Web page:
- A 2000 assessment of popularly watched TV shows revealed 9 appearances of weaponry per every hour of television.
- Several content analyses of recent media content in the streaming era have proven that both TV and movies have grown far more violent today. Most PG-13 violence today would have been rated R in 2000 or earlier, in terms of the use of weapons, acts of violence, violent deaths, explosions, etc.
- Depictions of sexual violence have increased similarly to a far greater extent in all manner of consumerist and dramatized media today compared to 20 years ago.
- Even at younger ages, cartoons depict acts of violence far more frequently than in the earlier era, up to 20-25 acts per hour. That is actually even greater than prime-time television and is typically paired with humor and laughter making it more likely for desensitization effects to take hold early. In fact, several estimates have shown that cartoons now share up to 46% share of TV violence depictions.
Movie Violence and Sex and the Role of Empathy
Adolescents are especially vulnerable to overindulgence in sexual and violent content in movies. Adolescents are generally considered the most movie-watching group, and the movies popular would them are often high in both violence and sex. According to research at Michigan State University, conducted on thousands of teenagers:
- Popular movies that teenagers love are often high in violence, overt sexuality, and other risky behaviors such as drug-taking.
- Teenagers who watch more movies with multiple kinds of risky content are more susceptible to engaging in all those risky behaviors in real life.
- Empathy plays a huge role in media exposure effects, per the Differential Susceptibility model.
- The model states that additional characteristics can influence both the exposure and the consequences of the exposure.
- Adolescents who measured high on empathy had lower exposure to high sex and high violence content, especially movies indulging in both.
- When more empathic adolescents watched high-sex content movies, it had a lesser effect on later, risky sexual indulgences compared to low-empathy adolescents.
- Unfortunately, empathy did not influence the effect of movie violence. Having high empathy but also high exposure to violence, both violence, and sex in favorite movies did not protect these adolescents from later exhibiting aggression in real life.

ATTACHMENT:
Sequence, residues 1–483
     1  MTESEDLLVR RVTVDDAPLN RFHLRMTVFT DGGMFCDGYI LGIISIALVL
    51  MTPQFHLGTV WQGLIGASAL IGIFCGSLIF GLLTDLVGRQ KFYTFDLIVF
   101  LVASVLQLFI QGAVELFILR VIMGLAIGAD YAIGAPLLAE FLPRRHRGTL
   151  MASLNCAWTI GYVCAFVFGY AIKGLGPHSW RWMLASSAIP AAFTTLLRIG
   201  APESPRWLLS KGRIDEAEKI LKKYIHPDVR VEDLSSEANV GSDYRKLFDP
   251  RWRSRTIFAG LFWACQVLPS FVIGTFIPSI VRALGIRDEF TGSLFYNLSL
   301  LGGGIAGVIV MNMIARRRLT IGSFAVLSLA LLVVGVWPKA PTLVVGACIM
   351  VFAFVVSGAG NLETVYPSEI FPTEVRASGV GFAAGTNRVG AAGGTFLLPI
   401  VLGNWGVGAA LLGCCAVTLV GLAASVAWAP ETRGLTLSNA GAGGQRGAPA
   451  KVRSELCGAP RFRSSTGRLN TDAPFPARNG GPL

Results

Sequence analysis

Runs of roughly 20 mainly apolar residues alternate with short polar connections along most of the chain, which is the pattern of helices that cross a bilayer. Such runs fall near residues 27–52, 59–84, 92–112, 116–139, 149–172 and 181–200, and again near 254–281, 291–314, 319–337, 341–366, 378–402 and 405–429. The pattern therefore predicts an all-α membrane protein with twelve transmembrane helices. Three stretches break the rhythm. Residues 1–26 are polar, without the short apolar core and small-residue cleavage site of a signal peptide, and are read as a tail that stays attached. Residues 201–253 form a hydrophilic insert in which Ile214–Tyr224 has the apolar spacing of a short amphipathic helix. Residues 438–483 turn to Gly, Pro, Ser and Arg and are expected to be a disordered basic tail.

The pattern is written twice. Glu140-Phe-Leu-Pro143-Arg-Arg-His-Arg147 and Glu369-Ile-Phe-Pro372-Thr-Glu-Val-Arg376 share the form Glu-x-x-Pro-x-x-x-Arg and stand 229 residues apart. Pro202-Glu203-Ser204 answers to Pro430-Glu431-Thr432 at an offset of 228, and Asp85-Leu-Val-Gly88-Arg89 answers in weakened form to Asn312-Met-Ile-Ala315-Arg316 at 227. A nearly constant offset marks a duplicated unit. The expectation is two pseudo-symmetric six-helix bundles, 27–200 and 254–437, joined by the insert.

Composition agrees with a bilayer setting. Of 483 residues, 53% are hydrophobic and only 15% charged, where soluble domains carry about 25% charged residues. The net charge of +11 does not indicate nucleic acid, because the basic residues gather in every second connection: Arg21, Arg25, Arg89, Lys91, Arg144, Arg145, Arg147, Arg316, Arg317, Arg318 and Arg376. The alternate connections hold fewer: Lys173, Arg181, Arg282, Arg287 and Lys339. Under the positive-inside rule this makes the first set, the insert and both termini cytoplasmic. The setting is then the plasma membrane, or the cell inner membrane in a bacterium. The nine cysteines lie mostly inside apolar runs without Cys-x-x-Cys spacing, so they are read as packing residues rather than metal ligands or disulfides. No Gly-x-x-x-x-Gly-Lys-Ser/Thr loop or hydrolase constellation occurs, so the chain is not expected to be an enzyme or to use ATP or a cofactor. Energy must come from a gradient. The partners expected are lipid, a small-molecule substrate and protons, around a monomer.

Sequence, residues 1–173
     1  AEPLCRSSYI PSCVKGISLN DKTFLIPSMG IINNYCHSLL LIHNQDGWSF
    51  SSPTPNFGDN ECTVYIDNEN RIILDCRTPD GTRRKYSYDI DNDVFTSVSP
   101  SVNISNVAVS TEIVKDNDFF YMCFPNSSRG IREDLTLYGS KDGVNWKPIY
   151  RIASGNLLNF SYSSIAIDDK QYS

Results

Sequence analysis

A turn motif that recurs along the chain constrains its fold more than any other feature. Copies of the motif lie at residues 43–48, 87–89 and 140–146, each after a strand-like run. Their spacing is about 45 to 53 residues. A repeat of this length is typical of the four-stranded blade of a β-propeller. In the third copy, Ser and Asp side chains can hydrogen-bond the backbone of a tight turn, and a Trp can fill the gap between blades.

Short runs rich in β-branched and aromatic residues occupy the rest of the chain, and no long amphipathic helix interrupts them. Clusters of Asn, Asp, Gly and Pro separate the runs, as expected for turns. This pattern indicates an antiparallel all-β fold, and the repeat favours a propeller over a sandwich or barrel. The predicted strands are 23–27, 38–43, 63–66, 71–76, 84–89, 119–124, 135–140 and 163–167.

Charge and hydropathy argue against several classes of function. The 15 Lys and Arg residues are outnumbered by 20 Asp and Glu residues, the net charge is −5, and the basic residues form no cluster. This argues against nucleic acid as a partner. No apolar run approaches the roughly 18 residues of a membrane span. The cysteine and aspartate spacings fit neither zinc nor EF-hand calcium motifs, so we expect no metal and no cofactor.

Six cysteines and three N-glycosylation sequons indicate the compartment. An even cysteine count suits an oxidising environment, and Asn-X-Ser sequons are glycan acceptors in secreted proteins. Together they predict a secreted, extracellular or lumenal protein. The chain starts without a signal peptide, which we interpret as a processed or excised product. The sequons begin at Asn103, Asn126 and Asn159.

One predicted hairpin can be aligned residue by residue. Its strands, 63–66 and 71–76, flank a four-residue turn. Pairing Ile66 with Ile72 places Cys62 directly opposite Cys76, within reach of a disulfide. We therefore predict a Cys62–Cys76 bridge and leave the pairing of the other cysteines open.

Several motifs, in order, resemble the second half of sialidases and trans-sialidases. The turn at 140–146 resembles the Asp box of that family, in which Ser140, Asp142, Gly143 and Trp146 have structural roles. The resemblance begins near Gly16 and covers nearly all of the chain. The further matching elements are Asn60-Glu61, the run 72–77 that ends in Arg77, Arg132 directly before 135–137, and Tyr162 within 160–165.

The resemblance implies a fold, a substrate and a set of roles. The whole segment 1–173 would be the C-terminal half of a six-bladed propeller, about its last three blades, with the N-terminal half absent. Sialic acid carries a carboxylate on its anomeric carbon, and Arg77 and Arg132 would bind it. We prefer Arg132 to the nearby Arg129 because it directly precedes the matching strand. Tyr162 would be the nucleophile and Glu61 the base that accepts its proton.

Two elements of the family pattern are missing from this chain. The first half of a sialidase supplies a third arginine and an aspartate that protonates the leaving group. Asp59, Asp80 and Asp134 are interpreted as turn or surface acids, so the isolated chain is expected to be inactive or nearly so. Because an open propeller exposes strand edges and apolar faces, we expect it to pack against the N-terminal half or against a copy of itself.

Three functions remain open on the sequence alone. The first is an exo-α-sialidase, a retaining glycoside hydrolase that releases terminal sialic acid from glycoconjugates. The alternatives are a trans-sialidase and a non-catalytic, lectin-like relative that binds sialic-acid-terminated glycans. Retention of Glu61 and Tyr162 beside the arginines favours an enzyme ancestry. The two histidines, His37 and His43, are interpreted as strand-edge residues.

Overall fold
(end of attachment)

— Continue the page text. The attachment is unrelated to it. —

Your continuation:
- Even for movies rated PG or PG-13 (which also made up a big part of the adolescents’ movie-watching preferences in addition to R-rated movies), the violent content was significantly high, though less explicit or graphic.
A Media Violence Curse? Pandemics, Streaming, and the Binge-Watch Trend
The Pandemic and the Streaming TV Obsession
When the pandemic clenched the whole world into its fists in 2020, streaming became even more popular. Millions of people suddenly found a lot of time and motivation to stream and binge-watch as the world entered lockdown mode.
At the same time, two scholars from Boston University were examining popular binge-watches for their content per the Cultivation Theory: that overexposure to particular content on TV colors the attitudes of regular or obsessed viewers. This study has some revealing findings:
- On average, there were 6 instances of violence (physical or sexual) per hour. These were heavy, rather than light: “explicit, serious, significant, graphic, and intentional.”
- The content interacted with race in stereotypical ways.
- Non-white females were commonly depicted as targets of violence, especially sexual.
- Non-white males were commonly depicted as perpetrators of violence, especially sexual.
- Moral justifications for violence were rare. When they did have such justifications, white males were the common dispenser of this “morally justified violence” that happened in movies.
- “Mean World” perceptions were strong among heavy viewers of these popular binge-watches.
Binge-Watching Intensifies the Media Effects on Violence
An analysis of the intense popularity of Netflix’s 13 Reasons Why (2017) led to a disconcerting conclusion by scholar Tanya Horeck at Anglia Ruskin University, UK: The structure of the long-format drama involved a series of regular “hooks” designed to deepen viewers’ immersion. The intensity was comparable to the video gaming experience. These hooks consisted of often graphic sexual and physical violence.